Posts Tagged ‘ Murder ’

Gone Girl — Pick This up NOW!

I’m honestly not sure where I got this novel from. I don’t know if I picked it up after checking out the NYT Bestsellers or if I just stumbled across the cover at Target, but it’s been on my kindle for a while now. I finally picked it up earlier this week. I will say, it took just a bit to get into it, but once I did I couldn’t put it down.

Gillian Flynn’s Gone Girl is mystery/suspense novel that tells the tale of Amazing Amy Dunne, writer, devoted wife, and leading lady of the children’s novels “Amazing Amy” who goes missing on her five year anniversary. Naturally, her husband Nick, becomes a lead suspect but things aren’t always what they seem and there are plenty of surprises to go around.

This novel is written in a “He said/she said” type of forum which makes it very entertaining and as you round the half way point, Flynn reels you in for an edge of your seat shocker.

Pick this book up and I doubt you’ll be sorry.

**Note: There is some graphic language . . . so if you get all butt hurt about stuff like that, go ahead and avoid this one**


House Rules – It Fits the Formula Mostly

I’ve read every Jodi Picoult novel that has been written. Well, except for Songs of the Humpback Whale . . . because, I mean . . . what?! That book sounds totally and completely boring. Plus, her earlier novels didn’t fit the formula that I like. This formula is: story about a family usually narrated by each member of the family plus the lawyers and any law enforcement that might be involved; something happens and one of the characters ends up in court; the novel is spent jumping around the truth; BAM a twist ending.

The first novel I read by Picoult was My Sister’s Keeper. If you haven’t read this novel, I strongly suggest you head to the bookstore, or download it on your ereader. It’s a great read. Ignore the movie adaptation that came out. That shit sucked.

Anyway, House Rules tells the story of  a single mother raising her two teenage sons. One son is perfectly normal, and the other one is on the autism scale classified as having Asperger’s Syndrome. The son, Jacob, meets with a tutor, Jess, every Tuesday and Sunday and she works with his social skills and integrating his symptoms into every day life. But, after an argument on a Sunday, Jess is reported missing by her boyfriend on a Tuesday and found dead shortly after. Jacob is the prime suspect in the case and the novel approaches the judicial system and how it is fair for some, but not for all.

The novel is well written. I enjoyed the autism facts that were sporadically placed throughout the novel. The characters were all pretty likable and I got to the point that I didn’t want to put the novel down until it was finished. However, the issue that I have with Picoult novels after reading them all (or most all of them) is that I’m waiting for the twist ending. And in this case . . . it didn’t really come. Or maybe it did but I had totally figured it out way in advance? I knew as soon as Jess came up missing exactly what happened to her and I feel like the average reader will too. However, the novel still flows nicely and is a pretty decent read.

Now, I’m off to read the next novel Sing Me Home. Also, I’m running out of novels to read . . . any suggestions?

Dean Koontz’s Frankenstein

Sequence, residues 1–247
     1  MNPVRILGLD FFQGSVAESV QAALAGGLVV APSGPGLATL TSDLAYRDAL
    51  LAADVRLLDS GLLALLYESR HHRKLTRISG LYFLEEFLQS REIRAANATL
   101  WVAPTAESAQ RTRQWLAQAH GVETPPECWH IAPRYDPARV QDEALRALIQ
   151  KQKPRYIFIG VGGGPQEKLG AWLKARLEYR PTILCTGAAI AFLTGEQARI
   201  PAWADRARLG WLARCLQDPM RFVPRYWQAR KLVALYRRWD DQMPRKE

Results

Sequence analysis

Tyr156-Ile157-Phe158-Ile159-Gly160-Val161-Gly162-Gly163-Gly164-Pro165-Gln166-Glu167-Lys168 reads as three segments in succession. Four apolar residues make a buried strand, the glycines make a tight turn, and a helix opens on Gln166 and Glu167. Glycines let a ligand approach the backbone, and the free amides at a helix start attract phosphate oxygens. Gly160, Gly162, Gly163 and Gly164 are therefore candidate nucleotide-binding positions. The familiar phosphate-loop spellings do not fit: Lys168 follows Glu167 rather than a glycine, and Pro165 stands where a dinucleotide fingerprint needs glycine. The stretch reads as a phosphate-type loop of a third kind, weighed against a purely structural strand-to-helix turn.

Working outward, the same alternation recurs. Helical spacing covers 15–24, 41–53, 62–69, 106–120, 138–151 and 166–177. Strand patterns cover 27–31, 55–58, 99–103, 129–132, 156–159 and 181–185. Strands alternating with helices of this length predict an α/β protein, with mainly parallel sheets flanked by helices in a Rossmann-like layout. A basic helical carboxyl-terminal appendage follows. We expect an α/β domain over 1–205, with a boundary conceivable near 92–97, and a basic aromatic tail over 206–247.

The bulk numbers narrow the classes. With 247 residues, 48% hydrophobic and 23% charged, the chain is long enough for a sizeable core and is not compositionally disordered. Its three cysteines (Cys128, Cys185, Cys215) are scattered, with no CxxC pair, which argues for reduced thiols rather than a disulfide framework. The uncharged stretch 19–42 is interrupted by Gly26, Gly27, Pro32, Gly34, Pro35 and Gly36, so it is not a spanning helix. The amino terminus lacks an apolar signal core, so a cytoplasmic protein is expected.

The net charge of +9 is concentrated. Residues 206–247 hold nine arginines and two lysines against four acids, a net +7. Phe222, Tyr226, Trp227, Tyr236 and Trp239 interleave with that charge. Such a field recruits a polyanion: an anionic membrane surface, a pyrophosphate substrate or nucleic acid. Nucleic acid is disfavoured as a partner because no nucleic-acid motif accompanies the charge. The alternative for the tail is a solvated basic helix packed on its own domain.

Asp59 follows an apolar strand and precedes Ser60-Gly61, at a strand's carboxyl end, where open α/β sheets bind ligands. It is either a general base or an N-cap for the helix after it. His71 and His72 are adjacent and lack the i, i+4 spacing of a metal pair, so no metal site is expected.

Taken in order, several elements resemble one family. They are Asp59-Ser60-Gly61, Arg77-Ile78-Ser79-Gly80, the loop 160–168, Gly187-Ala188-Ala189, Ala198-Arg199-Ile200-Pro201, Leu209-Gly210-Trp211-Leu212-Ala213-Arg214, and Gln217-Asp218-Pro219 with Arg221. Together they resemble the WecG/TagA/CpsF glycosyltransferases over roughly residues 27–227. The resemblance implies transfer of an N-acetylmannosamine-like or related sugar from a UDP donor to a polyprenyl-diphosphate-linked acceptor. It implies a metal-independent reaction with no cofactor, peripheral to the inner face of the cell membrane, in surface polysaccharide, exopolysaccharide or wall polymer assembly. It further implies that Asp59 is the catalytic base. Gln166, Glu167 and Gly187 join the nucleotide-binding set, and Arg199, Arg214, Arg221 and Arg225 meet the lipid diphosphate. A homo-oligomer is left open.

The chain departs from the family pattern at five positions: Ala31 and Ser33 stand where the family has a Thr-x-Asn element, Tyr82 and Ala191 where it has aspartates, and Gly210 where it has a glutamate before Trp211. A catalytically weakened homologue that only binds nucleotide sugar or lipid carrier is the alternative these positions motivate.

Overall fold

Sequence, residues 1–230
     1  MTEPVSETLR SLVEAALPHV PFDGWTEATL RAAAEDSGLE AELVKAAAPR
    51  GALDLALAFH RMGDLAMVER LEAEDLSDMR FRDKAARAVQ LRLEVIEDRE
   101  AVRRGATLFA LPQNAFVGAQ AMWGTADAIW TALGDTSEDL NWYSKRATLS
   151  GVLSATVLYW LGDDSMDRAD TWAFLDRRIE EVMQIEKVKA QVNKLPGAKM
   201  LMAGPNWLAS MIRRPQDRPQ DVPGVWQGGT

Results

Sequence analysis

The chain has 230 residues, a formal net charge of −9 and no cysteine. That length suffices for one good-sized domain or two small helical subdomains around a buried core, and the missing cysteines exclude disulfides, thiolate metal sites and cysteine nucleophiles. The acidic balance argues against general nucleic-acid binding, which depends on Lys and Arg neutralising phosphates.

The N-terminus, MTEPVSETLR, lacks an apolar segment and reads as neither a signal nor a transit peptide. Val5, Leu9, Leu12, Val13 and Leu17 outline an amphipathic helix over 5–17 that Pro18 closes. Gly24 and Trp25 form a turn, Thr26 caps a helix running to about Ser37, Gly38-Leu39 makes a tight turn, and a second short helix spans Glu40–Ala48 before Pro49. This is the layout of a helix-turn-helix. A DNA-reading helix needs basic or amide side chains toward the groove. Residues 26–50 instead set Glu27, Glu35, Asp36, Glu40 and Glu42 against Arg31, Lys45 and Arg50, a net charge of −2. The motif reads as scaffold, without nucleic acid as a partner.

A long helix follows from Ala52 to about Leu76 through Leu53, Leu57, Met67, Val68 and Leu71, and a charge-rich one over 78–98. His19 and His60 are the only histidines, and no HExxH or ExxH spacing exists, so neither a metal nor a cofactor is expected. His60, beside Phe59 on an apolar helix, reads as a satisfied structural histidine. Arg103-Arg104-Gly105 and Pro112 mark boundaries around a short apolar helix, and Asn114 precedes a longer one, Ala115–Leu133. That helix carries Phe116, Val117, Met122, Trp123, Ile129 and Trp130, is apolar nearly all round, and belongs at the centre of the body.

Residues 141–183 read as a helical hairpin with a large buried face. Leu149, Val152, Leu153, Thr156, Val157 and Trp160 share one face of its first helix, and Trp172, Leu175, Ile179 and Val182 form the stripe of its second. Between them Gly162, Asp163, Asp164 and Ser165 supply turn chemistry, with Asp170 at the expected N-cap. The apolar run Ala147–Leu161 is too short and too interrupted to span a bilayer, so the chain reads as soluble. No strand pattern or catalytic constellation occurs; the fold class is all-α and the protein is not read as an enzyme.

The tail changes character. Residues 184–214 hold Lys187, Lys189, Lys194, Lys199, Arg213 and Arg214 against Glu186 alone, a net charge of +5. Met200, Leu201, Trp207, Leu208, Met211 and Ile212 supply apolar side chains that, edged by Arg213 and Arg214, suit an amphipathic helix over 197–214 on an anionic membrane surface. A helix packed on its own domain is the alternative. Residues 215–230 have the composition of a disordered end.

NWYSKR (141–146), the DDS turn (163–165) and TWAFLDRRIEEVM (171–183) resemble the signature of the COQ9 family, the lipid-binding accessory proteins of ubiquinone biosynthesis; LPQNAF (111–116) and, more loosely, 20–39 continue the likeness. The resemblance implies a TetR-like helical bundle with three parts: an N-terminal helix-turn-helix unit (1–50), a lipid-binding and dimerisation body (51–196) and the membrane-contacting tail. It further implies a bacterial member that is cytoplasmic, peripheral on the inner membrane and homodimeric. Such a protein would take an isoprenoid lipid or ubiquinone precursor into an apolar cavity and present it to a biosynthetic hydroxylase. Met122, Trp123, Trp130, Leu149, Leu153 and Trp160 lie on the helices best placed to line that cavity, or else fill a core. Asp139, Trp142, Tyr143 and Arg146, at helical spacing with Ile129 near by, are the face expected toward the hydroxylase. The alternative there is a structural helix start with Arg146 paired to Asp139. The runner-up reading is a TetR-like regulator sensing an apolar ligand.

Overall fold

I try to read a bunch of different novels. Otherwise, I would only be “The chick who reads Harry Potter” or “The chick who reads Chick Lit” or “The chick who reads crappy stuff all the time and then forces us to read her crappy reviews” (I honestly hope I’m not that last one . . .) Anyway, so after reading the completely horrific City of Bones, I decided to spend a little time with Dean Koontz. I like reading novels by the likes of him and James Patterson because they are such quick reads. The chapters are usually only a couple of pages and because they are so quick to get through, I end up saying I’m going to just finish this one . . .  and two hours later I’ve finished the book and lost a decent amount of sleep.

Anyway, in this novel Koontz reminds me why I get into “cop drama’s” (Like The Killing on AMC? ZOMG! Can’t wait for the season finale tonight!) There is never one set story to follow, but a whole bunch of characters that slowly intertwine into one pretty rocking page turner. The main gist of the novel is Victor Frankenstein, from Mary Shelley fame, is actually a real person. He made his monster and has kept himself alive for over 200 years. Frankenstein (known as Victor Helios in this novel) is currently living in New Orleans and making creatures to complete his “new race” which will eventually take over the “old race.” Unfortunately, one of his creations has gone against everything he has been programmed for and is killing people to find out why and how they are different from him.

The two detectives, Carson and Michael, are working on a case involving a killer nicknamed “The Surgeon” who is taking specific body parts. What they don’t realize is they might be in over their head with this case. There might be something a little more supernatural at work.

This novel has a lot of characters in it, but I never felt overwhelmed or forgot what each character’s role was in the novel. It had a few twists and turns that made the novel interesting. And it leaves a nice ending that gets you excited for the next novel, but doesn’t leave you completely hanging and anxious for more (like season 3 of Breaking Bad . . . WTF AMC!?).

I’m looking forward to my inter-library-loan’s to come in so I can continue the series! I’ll keep reviewing the rest . . .  but go ahead and pick up this page turner.